Augusten Burroughs: Dry: A Memoir

Augusten Burroughs: Dry: A Memoir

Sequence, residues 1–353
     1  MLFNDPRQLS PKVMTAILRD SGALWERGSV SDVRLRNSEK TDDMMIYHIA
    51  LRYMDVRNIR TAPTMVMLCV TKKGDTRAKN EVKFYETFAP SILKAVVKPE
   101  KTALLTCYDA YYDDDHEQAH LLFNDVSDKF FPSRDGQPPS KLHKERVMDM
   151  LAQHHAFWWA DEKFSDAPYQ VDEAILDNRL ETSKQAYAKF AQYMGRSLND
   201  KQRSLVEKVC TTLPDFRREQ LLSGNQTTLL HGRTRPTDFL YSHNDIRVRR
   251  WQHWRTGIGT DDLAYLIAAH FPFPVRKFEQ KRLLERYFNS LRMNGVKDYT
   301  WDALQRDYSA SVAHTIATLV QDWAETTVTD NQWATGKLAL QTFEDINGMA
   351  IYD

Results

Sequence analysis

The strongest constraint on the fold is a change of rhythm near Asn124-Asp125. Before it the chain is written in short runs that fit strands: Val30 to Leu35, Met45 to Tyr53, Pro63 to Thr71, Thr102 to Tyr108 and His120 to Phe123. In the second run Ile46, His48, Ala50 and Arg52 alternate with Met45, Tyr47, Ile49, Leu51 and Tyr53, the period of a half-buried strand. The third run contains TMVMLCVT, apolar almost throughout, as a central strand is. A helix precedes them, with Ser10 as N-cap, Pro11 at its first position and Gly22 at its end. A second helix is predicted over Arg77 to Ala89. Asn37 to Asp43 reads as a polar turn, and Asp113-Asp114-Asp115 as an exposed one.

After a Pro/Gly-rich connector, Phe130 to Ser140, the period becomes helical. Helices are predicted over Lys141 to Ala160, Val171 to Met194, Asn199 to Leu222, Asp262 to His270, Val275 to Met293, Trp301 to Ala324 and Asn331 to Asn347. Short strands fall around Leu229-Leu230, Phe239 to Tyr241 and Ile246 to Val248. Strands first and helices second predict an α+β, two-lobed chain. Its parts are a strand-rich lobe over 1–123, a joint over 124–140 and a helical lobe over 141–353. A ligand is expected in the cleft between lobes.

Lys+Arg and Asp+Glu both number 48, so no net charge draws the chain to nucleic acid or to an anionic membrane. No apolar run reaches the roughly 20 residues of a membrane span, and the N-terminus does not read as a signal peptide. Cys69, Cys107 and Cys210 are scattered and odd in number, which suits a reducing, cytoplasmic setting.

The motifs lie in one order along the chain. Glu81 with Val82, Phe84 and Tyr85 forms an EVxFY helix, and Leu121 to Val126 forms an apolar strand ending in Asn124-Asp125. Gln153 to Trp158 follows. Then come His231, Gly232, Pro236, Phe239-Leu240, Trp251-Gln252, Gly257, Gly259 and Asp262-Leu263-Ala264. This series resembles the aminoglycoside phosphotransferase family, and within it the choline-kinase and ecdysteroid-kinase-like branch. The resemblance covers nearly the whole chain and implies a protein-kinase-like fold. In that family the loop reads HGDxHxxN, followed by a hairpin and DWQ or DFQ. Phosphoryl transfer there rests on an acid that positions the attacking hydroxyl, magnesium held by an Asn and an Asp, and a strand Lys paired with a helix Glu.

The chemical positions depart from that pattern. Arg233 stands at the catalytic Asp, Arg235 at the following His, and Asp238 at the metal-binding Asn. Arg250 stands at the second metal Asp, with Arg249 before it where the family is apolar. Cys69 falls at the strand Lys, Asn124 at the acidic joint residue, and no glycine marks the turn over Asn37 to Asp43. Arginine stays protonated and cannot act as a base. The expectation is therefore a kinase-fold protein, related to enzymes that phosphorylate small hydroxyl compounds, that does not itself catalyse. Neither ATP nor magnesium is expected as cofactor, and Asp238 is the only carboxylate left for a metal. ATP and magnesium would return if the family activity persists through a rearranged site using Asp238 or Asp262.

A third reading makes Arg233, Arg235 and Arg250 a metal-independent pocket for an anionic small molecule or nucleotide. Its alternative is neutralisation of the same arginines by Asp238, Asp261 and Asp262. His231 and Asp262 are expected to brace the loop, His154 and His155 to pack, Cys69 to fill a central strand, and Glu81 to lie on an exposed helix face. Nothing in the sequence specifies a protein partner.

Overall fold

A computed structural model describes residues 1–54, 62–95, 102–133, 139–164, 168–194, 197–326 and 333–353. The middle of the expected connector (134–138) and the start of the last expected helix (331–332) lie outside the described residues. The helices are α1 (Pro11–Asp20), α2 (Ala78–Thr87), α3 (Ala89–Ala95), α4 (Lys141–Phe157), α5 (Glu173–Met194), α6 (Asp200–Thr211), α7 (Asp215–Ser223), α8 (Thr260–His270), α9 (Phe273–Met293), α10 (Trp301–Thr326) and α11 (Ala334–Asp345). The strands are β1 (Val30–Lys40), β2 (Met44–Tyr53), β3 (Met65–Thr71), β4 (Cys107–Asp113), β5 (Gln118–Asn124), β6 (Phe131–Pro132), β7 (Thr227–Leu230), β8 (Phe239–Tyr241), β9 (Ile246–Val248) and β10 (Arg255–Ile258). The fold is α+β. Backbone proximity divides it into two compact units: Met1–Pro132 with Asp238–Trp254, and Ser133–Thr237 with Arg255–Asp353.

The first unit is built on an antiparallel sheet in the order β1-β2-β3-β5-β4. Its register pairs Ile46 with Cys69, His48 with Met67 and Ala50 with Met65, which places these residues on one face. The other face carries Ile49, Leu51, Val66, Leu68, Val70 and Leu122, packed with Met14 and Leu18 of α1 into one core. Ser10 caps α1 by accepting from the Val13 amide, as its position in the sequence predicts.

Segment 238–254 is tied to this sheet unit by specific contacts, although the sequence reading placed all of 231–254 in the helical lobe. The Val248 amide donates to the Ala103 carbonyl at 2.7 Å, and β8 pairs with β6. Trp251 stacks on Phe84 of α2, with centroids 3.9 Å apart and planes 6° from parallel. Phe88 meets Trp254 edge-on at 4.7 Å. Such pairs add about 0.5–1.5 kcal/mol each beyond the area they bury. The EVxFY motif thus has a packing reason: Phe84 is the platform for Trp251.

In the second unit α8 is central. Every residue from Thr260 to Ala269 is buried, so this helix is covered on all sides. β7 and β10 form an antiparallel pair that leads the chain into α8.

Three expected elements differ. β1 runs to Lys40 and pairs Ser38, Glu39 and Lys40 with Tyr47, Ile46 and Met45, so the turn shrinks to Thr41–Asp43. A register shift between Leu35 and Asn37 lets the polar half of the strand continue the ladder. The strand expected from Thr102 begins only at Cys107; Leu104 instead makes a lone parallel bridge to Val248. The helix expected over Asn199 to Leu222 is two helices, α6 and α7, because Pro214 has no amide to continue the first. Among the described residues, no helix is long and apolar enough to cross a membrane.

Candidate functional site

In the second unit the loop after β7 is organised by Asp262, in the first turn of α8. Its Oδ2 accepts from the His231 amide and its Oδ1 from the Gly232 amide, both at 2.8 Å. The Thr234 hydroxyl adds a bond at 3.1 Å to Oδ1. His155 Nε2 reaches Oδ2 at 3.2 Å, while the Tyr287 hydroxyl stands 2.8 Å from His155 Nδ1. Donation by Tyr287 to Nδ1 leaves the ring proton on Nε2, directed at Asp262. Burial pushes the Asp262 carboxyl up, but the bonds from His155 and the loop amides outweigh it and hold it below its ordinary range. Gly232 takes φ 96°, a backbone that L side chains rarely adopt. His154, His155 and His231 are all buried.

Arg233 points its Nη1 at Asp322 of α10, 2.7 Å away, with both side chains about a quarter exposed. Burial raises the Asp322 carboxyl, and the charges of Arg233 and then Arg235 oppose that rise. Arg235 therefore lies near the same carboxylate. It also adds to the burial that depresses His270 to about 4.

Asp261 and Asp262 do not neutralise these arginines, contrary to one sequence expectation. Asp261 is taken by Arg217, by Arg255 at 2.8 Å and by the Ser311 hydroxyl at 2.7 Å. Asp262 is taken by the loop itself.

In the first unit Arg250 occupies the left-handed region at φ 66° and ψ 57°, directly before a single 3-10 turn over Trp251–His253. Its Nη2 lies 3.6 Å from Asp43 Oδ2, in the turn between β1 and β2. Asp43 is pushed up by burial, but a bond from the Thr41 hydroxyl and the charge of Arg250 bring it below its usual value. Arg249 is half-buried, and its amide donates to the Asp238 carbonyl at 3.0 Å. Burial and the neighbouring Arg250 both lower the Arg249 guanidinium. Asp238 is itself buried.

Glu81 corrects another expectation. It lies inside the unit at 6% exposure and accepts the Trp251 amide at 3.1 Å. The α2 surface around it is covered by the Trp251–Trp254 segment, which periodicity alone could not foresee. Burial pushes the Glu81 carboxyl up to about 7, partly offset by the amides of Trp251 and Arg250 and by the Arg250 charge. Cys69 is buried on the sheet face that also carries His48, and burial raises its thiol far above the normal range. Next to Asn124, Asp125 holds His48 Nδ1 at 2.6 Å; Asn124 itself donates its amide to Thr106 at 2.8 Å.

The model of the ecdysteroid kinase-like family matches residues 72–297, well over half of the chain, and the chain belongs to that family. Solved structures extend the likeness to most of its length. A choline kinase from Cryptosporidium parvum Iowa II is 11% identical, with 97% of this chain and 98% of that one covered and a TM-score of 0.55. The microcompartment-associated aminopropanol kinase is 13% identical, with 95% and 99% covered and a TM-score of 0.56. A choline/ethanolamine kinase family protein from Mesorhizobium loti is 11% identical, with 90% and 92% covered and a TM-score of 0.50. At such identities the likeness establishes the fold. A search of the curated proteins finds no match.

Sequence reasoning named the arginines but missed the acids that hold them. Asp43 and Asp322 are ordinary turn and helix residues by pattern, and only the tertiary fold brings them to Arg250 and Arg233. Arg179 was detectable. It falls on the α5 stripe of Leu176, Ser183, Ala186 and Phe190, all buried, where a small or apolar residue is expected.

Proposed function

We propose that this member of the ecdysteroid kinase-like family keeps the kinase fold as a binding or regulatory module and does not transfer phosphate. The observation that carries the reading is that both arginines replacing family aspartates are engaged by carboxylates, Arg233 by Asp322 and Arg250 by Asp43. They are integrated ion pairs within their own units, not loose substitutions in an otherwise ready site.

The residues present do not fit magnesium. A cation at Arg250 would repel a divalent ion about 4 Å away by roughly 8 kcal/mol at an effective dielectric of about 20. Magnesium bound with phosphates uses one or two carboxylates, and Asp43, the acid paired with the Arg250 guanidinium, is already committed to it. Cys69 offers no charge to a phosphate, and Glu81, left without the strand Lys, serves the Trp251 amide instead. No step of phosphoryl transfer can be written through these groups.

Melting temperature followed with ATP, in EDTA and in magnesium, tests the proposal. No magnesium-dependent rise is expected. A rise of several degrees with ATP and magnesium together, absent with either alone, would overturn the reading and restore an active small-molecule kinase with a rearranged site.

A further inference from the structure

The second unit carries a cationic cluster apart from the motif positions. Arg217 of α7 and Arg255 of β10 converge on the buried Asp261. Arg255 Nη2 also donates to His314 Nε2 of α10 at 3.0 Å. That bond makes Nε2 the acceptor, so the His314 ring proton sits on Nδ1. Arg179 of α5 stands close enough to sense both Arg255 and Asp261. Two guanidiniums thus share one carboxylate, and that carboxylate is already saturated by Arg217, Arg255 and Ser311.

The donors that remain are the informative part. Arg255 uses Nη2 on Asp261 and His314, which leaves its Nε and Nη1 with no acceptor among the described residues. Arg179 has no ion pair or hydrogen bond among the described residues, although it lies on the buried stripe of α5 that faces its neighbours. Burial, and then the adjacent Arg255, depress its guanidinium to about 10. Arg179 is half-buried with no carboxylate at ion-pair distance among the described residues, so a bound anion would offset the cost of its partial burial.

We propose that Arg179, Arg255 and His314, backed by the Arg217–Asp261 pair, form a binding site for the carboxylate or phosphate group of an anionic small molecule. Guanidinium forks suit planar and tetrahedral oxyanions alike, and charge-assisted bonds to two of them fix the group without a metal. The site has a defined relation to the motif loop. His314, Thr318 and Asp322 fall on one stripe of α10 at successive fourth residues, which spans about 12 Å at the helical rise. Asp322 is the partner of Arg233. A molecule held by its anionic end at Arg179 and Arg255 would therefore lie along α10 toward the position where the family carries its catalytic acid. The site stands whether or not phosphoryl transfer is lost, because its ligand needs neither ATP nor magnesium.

A prodigious talent and an even more prodigious screw-up, Augusten Burroughs is only in his 30s, but he's already amassed enough life experience to fill two memoirs, starting with the painfully funny Running With Scissors, which reads like a tall tale (or an especially perverse fable) recast as autobiography. With a wry sense of perspective, Burroughs relayed a sordid coming of age that read like an early John Waters movie: Forced to live with his mother's half-cracked psychiatrist in a home where cockroaches formed carpets under his feet and residents popped Valium and dog chow, Burroughs found his closest bond with a 33-year-old pedophile who deflowered him in the basest way imaginable. But where the events described in Scissors were almost too bad to be true, the horrors in Burroughs' follow-up Dry are garden-variety in comparison; the latter book is a straightforward account of addiction and recovery that wouldn't be out of place in an average Alcoholics Anonymous meeting. By his own admission, Burroughs' struggles with alcoholism take the form of a movie of the week, but that squareness is also key to the book's wrenching effect, because it gives his ordinary temptations a universal resonance. Sobering in more ways than one, Dry finds Burroughs trading some of his tragicomic outrageousness for a more probing and introspective look into his battered psyche, though one still rife with grim humor and precipitous falls from grace. After barely escaping his upbringing, Burroughs begins the book cloaked in a deceptive veneer of success, having landed a cushy, well-paying job as an ad copywriter in Manhattan–not bad for a home-schooled dropout who never went to college and can't spell. Though he likes to imagine himself a casual drinker, his evenings usually begin with a liter of Dewar's and spiral downward from there, often bleeding into mornings in which his colleagues can smell the scotch emanating from his pores. When his employers force him into rehab, Burroughs heads for a 30-day stint at the Proud Institute in Minnesota, which caters to gays and lesbians, prompting dreams of an alcohol-free bacchanalia with other hardbodied lushes on the mend. But after one day of detox, group therapy, and affirmations–including the ceremonial passing of ratty plush animals named Monkey Wonkey and Blue Blue Kitten–he's ready to break down the doors. Yet the longer he stays, the more Burroughs responds to conventional treatment and confronts his frightening disease head-on, which leads to some honest and heartbreaking revelations about his self-destructive nature. Once he returns to more therapy and daily AA meetings, his fragile hold on sobriety meets with stiffer challenges, including a close friend succumbing to HIV and an ill-advised fling with a former crack addict from his therapy group. Though it never gets better than the moving section at rehab, where Burroughs' self-obsessed persona dies alongside his poisonous habits, Dry gets much of its strength from everyday torments and the unique phenomenon of addicts healing other addicts. With his past nipping at his heels and the bottle frequently at arm's length, Burroughs battles his impulses as his friends drop off the wagon one by one, but just when he seems to have a handle on his life, one slip sends him reeling. Where less-committed alcoholics on the mend may get by on a pot of coffee or a cold splash of water, Dry views recovery as a second career, with the days and months and years of hard work subject to instant demotion.

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